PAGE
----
'Contraction' identifies how much CO 2 could be emitted globally each year up to a safe atmospheric concentration. 'Convergence' sets each country's CO 2 emission limit fairly by dividing global annual emissions on a strict per capita basis. Time is allowed for Convergence and trading up to a limit of 50% emissions, is permitted. This allows industrialised countries to buy surplus emissions quotas from developing countries and so find the most cost-effective path to Contraction.

It is too late to avoid climate change altogether, but limiting CO 2 concentration to 400ppmv and setting a convergence date of 2030 would limit the damage. See graph 4 on the inside back cover showing how C& C with these targets would alter global CO 2 emissions.

 

Living wild - justice for the natural world

We are waging an undeclared war on the natural world. In just over forty years, 140,000 miles of wildlife-rich hedgerow and more than 95% of unimproved meadows have been lost. Original-growth woodland has all but disappeared and an area the size of Bristol is concreted over every year. 17% of Britain's insects and 5/ 9ths of our bird species are in decline.

Our antipathy to the natural world infects our farms, laboratories and trade practices, where animals are treated as commodities. They are even hunted for fun.

Green politics aim to satisfy human needs, in harmony with the natural world. Our economic and agricultural policies will help achieve this, but more must be done to prevent cruelty to animals and protect their habitats.

Protecting animals

Hunting with hounds and badger culling should be banned immediately, and legislative protection from unnecessary suffering extended to all wildlife.

Experiments on animals are cruel and intrinsically unreliable as a guide to human biology. Toxicity, warfare and behavioural testing should be ended immediately. Non-animal methods should be developed for medical research within five years.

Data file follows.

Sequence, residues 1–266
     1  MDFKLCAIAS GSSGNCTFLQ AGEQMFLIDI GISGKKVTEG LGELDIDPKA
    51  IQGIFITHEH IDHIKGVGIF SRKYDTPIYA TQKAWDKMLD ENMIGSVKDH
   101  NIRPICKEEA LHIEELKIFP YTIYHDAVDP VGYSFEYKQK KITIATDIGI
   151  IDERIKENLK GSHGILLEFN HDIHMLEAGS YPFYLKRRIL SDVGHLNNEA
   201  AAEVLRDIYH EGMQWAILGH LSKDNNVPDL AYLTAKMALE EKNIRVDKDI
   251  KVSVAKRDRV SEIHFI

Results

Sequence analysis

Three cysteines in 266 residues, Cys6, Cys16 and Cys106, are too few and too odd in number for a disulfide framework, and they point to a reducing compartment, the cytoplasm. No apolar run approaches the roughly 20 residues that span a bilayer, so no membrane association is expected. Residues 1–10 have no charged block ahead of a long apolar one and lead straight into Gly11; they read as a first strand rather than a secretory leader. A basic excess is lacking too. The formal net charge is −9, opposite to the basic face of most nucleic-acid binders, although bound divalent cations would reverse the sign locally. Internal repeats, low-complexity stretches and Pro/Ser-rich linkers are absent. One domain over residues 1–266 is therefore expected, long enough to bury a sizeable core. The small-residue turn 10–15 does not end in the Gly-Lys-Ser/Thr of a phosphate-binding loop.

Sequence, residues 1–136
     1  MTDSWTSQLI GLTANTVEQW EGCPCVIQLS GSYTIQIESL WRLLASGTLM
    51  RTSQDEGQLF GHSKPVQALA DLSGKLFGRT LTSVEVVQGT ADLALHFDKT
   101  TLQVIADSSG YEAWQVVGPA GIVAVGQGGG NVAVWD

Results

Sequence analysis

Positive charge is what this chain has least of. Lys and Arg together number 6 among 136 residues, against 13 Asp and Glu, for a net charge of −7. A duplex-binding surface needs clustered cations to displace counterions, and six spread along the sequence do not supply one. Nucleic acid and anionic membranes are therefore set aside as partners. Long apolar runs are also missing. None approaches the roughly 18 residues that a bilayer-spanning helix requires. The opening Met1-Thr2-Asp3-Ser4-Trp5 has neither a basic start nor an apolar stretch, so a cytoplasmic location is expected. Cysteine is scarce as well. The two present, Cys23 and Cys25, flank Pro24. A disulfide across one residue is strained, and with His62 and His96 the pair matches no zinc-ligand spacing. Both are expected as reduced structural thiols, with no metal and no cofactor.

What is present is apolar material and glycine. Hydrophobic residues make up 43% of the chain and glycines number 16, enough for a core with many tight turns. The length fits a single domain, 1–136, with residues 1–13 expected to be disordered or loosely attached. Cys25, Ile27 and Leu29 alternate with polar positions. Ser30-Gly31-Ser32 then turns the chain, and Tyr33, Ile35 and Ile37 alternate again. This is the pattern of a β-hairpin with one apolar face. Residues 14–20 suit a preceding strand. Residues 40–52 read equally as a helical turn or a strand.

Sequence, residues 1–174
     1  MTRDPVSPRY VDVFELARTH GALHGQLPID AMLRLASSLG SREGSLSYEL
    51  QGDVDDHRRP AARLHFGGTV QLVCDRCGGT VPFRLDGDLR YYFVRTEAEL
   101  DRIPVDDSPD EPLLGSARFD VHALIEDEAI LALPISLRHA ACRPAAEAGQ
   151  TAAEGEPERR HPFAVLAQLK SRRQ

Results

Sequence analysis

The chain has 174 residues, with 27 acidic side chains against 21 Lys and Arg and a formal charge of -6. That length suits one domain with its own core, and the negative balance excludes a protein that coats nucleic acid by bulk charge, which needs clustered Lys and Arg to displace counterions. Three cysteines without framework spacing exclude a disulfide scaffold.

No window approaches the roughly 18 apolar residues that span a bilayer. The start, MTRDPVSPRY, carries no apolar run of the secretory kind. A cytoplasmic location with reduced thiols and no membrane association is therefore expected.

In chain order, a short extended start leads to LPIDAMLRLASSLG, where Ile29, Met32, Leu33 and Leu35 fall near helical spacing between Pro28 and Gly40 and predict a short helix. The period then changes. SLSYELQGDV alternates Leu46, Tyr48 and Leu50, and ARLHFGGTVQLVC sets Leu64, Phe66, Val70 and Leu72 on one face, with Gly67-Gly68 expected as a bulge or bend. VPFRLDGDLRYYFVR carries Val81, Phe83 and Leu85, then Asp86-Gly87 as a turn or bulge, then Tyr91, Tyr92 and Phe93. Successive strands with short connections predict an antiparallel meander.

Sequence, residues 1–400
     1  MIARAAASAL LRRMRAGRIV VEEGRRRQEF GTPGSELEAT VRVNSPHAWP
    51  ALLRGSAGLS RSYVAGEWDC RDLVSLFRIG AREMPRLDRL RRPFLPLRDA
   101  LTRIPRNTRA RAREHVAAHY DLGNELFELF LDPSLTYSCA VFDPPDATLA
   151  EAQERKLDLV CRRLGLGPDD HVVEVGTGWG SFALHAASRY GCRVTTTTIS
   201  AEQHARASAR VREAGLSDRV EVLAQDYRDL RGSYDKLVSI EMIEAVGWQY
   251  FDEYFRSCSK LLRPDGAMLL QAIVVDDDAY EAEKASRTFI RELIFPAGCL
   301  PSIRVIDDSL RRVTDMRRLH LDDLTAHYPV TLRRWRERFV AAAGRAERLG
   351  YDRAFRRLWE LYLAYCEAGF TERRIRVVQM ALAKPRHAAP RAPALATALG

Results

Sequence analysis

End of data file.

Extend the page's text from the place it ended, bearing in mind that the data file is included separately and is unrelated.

'The greatness of a nation and its moral progress can be judged by the way its animals are treated. '

Mahatma Gandhi.

Protecting habitats

The government must implement and enforce the EU's Birds and Habitats Directives and incorporate specific targets for each threatened species and habitat into a mandatory Bio-diversity Action Plan. The practice of artificially excluding areas with development potential from protected Natura 2000 sites must cease.

Government planning guidance must give greater protection to Sites of Special Scientific Interest, Areas of Outstanding Natural Beauty, wetland areas, flood plains and green belts. Local planning authorities should be required to produce bio-diversity action plans and protect sites of local importance for bio-diversity.

Growing forests

CAP payments for rural development, agri-environment schemes and set-aside should in part be redirected to increase the UK's mixed native woodland cover to the European average of 25%.

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Hazardous substances in water must be reduced.

 



Britain's recycling lags way behind other European countries (see diagram 2 on inside front). Photo: Cherry Puddicombe
 




Hunting with hounds should be banned immediately.

Photo: Cherry Puddicombe

 

 

 

 

Home | Reach for the future | A just economics | The just society
Ecological justice | Securing justice globally | Democratic justice | Conclusion